Grim photos reveal how horror bee sting left barbed stinger lodged in man’s eyeball for days

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A MAN was left with a barbed stinger lodged in his eyeball after being stung by a bee.

The tiny spike was found to be stabbing the 55-year-old’s cornea, causing vessels to burst.

The New England Journal of Medicine

A man went to hospital after getting stung by a bee in the eye[/caption]

The New England Journal of Medicine

Medics removed a barbed stinger, which had become lodged in his eyeball[/caption]

The New England Journal of Medicine

The stinger remnant at 100 times magnification[/caption]

The horrifying discovery was made after he visited his local ophthalmology clinic with worsening vision and pain in his right eye.

He had been stung two days earlier while walking near a bee hive and had gone to A&E.

The man, who did not work with bees, had the stinger removed, but remnants of the barb remained.

Some 48 hours later, he went back to hospital complaining that he couldn’t see properly and his eye hurt.

Tests revealed vision in his right eye was limited to simply counting his fingers, and the intraocular pressure was 16mmHg.

According to the American Academy of Ophthalmology (AAO), a normal range is between 10 and 20.

An examination under a specialised microscope with a bright light then discovered the tiny object embedded in the tissue between the iris and the sclera, or the white of the eye.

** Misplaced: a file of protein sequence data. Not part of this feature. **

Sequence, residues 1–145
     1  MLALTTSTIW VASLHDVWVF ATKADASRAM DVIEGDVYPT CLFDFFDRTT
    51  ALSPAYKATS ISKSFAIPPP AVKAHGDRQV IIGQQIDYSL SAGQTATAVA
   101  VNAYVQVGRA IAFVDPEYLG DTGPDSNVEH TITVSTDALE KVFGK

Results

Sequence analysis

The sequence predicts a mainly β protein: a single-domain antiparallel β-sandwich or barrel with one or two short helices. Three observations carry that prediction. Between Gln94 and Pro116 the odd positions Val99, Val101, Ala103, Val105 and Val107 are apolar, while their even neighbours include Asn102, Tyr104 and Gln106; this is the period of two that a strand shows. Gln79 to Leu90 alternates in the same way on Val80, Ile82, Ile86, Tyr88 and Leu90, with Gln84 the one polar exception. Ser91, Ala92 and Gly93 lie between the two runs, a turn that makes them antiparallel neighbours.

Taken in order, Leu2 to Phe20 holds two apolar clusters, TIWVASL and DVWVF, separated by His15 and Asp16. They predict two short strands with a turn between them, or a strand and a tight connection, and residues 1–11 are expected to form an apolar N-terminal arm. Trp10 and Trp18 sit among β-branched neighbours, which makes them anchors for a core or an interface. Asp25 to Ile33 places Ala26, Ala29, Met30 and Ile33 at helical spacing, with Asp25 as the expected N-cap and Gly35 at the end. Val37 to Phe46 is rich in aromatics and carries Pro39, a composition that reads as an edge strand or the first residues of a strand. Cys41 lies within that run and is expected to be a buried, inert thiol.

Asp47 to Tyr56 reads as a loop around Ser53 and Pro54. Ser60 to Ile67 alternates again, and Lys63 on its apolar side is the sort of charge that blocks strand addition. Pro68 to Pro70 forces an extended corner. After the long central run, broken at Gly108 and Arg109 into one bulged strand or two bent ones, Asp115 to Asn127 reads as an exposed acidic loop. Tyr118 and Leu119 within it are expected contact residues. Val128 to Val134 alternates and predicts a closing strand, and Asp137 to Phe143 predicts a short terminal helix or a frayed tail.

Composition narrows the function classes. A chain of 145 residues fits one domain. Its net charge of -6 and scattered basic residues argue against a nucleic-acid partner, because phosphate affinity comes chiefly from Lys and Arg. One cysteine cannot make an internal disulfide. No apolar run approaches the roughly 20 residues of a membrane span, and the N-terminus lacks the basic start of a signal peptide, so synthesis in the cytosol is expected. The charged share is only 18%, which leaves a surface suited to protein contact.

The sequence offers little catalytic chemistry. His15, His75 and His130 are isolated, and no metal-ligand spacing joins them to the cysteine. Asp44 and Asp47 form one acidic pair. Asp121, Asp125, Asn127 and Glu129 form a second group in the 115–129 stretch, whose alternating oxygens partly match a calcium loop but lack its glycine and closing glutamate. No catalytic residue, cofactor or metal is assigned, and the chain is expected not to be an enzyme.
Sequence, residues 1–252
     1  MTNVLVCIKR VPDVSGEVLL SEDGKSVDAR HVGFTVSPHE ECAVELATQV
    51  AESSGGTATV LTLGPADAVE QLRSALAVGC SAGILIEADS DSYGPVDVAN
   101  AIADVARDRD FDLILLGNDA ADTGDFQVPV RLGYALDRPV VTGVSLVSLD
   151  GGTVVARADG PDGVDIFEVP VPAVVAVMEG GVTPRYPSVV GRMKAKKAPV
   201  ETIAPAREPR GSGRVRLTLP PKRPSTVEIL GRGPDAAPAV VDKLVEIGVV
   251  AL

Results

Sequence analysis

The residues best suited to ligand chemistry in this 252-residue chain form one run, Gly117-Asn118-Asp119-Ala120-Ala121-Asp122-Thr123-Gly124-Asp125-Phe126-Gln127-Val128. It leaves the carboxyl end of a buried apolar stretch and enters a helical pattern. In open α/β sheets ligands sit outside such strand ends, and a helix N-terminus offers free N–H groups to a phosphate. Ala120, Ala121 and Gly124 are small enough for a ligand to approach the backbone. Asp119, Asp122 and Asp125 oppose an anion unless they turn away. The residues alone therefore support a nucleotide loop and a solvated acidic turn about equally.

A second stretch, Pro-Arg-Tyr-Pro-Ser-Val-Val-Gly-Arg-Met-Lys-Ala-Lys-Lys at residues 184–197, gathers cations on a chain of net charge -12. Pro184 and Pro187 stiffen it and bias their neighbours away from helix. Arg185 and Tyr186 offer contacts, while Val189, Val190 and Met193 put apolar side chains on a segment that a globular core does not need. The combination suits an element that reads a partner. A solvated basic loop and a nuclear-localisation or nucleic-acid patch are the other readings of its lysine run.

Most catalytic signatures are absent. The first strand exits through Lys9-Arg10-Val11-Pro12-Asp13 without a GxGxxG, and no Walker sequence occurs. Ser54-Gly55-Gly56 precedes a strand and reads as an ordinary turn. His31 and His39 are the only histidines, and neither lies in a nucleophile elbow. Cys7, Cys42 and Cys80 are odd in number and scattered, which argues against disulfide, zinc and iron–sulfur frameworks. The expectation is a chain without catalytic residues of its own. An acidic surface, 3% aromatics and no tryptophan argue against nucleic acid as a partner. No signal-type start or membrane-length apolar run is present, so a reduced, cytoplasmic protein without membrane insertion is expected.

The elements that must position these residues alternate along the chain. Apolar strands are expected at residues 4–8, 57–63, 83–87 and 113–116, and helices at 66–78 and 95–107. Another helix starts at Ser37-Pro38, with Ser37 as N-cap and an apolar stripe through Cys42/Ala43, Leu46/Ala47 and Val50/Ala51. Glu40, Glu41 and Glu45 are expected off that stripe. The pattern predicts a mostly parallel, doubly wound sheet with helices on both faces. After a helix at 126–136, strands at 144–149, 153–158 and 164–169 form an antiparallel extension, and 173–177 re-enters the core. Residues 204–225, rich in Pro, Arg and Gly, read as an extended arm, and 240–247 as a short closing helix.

The patient was found to be suffering from conjunctival injection – inflammation and dilation of blood vessels that supply the thin, clear membrane.

He also had a swollen cornea, known as inferior corneal edema, and hyphema, or bleeding inside the eye.

Jeweller’s forceps were used to remove the stinger remnant and he was prescribed topical antibacterial and steroidal eye drops.

At a follow-up appointment after five months, the visual acuity in his right eye had improved to 20/25.

Talia Shoshany and Zeba Syed, ophthalmologists from Wills Eye Hospital in Philadelphia, Pennsylvania, wrote in The New England Journal of Medicine: “Ocular bee stings warrant referral to an ophthalmologist owing to the severe inflammation that may result from the injury, as well as the possibility of a retained stinger in the eye.”


Bee and wasp stings to the eye are rare, but they do happen.

Usually, these can be treated with a simple cold compress, the AAO says.

However, if you get stung on the eyelid or cornea, you should seek urgent medical attention.

“The bee stinger contains toxins that can cause inflammation,” the AAO warns.

“Stingers are also sharp, with a saw-like structure, that makes it difficult to remove completely.”

Stingers are used to deliver venom.

In bees, they are barbed, meaning they saw through tissue, and they pull free from the bee, whereas in wasps, they are straight and don’t come off.

The barb is part of what makes a bee sting painful, and why removing bee stingers takes a little effort.

Ivan Schwab, cornea specialist at the UC Davis Eye Center in Sacramento, California, said: “If you’re stung in the cornea please go to the emergency room immediately.”

In some people, stings can cause anaphylaxis – a severe and life-threatening allergic reaction.

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